These COPE guidelines are Taylor & Francis’s reference documents for ethics of retracting a publication the editorial board was told in an email on 18 September by Shahid Qadir.

    Thus, Bruce Gilley’s Viewpoint essay, “The case for colonialism” must be retracted, as it fails to provide reliable findings, as demonstrated by its failure in the double-blind peer review process.

    We all subscribe to the principle of freedom of speech and the value of provocation in order to generate critical debate. However, this cannot be done by means of a piece that fails to meet academic standards of rigour and balance by ignoring all manner of violence, exploitation and harm perpetrated in the name of colonialism (and imperialism) and that causes offence and hurt and thereby clearly violates that very principle of free speech.

    The Editor of TWQ has issued a public statement without any consultation with the Editorial Board that is not truthful about the process of this peer-review, and thus, as we fully disagree with both the academic content of the Viewpoint and the response issued in the name of the journal, we are forced to resign immediately from the Editorial Board of Third World Quarterly.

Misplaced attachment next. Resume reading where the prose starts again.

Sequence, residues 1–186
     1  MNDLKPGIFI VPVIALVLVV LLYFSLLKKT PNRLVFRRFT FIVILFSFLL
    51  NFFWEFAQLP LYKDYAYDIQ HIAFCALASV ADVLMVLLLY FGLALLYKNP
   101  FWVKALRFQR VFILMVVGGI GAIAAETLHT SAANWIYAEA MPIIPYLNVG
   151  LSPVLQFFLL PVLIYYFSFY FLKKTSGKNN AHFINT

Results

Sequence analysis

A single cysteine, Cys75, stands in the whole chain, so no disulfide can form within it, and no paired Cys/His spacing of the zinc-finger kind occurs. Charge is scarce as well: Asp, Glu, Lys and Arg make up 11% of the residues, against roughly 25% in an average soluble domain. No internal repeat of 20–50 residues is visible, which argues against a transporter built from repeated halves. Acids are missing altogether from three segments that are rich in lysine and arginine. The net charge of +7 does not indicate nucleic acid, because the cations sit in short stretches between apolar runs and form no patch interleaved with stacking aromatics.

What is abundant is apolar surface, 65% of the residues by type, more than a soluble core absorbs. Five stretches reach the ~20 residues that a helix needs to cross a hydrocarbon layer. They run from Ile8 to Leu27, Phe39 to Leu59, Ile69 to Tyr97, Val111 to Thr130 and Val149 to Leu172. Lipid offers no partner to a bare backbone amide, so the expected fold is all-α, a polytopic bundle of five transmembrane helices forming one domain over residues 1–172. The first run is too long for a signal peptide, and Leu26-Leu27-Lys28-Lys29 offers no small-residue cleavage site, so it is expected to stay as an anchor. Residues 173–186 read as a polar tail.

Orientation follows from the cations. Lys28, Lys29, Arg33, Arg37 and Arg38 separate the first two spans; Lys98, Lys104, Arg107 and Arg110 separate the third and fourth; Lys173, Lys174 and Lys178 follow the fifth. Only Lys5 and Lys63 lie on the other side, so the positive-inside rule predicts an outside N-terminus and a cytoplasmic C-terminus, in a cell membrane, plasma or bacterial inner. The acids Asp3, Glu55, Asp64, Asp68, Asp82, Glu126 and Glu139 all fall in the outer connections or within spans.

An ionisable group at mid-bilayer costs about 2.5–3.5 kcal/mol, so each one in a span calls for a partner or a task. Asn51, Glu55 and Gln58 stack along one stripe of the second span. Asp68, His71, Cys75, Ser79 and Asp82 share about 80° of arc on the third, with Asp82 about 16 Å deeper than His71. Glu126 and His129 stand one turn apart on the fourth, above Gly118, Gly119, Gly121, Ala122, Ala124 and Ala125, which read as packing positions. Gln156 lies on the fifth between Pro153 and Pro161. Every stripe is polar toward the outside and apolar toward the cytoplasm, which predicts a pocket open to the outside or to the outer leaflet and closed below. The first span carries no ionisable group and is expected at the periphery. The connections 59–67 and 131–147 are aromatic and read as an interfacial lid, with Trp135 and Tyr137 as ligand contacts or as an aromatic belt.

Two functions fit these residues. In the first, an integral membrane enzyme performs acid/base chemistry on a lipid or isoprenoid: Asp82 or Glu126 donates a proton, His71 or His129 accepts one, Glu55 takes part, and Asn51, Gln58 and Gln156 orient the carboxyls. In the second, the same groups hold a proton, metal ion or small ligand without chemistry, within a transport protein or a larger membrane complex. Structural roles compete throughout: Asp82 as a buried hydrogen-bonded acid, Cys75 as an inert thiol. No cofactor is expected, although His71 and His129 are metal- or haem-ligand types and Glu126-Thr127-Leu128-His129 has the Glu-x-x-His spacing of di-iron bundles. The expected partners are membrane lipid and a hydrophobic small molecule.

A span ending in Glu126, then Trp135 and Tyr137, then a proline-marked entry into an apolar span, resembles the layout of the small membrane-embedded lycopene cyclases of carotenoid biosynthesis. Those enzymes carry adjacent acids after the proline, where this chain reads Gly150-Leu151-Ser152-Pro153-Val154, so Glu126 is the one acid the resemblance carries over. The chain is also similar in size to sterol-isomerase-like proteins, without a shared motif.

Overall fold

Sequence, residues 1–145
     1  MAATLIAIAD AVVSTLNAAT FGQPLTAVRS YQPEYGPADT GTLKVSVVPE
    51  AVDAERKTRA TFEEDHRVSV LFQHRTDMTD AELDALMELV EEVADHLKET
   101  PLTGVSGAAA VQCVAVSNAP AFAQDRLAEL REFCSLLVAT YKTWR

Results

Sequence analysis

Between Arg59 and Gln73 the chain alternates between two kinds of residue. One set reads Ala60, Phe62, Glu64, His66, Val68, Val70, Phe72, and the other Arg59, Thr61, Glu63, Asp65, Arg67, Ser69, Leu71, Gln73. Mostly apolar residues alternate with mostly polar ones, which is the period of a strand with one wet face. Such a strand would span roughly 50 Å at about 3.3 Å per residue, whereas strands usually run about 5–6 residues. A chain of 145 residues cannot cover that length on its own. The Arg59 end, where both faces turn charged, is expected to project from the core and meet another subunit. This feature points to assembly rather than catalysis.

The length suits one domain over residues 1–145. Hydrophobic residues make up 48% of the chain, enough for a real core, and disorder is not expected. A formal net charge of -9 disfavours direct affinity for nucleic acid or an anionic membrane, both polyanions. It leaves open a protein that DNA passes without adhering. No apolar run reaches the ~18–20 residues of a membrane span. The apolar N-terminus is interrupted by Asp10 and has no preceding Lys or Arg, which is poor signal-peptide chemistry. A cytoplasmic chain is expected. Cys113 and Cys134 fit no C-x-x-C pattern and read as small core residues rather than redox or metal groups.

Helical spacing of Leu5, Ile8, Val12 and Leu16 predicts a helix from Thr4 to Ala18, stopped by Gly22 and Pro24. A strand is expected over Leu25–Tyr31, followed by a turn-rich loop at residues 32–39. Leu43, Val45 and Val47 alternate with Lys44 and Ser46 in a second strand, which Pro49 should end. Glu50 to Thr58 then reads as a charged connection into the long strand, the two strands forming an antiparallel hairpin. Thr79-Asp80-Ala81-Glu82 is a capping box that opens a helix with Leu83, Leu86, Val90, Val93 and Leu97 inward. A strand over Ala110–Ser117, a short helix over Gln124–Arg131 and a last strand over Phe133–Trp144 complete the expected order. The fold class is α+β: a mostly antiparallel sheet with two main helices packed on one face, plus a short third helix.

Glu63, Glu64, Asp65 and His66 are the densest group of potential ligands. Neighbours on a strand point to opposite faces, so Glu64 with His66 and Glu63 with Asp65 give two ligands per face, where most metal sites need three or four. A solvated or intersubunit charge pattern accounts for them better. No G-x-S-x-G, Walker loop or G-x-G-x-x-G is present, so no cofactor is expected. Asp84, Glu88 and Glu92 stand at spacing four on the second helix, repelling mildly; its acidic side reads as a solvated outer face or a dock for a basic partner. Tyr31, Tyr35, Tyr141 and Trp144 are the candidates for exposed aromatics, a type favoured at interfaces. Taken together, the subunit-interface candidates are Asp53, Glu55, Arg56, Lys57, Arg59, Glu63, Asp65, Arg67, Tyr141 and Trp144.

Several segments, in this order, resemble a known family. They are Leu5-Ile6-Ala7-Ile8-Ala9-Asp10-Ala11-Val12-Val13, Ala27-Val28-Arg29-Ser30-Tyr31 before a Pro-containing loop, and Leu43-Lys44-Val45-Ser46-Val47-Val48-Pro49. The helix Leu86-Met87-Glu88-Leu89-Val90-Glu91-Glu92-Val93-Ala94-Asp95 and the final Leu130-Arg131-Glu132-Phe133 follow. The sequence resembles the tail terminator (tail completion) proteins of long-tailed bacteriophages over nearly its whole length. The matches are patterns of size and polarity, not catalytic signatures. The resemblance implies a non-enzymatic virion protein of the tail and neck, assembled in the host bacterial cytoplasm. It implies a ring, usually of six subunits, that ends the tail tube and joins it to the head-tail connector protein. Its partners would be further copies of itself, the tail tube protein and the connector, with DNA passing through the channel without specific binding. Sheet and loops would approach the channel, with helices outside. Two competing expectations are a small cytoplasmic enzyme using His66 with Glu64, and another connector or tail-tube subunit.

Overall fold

As scholars, we remain ever-committed to the ideals that this journal has stood for over the past 40 years, and we would consider serving on an Editorial Board under different editorial arrangements.


    Ilan Kapoor (York University, Canada)
    Stefano Ponte (Copenhagen Business School, Denmark + Duke University, US)
    Lisa Ann Richey(Roskilde University, Denmark + Duke University, US)
    Mahmood Mamdani (Makerere Institute of Social Research, Uganda + Columbia University, US)
    Asef Bayat (University of Illinois, Urbana-Champaign, US)
    Naila Kabeer (London School of Economics and Political Science, UK)
    Katie Willis (Royal Holloway University of London, UK)
    David Simon (Chalmers Univ. of Technology, Sweden + Royal Holloway Univ. of London, UK)
    Walden Bello (State University of New York at Binghamton, US)
    Giles Mohan (The Open University, UK)
    Ayesha Jalal (Tufts University, US)
    Uma Kothari (University of Manchester, UK)
    Vijay Prashad (Trinity College, US)
    Klaus John Dodds (Royal Holloway University of London, UK)
    Richard Falk (Princeton University, US)

  5. AEPrinting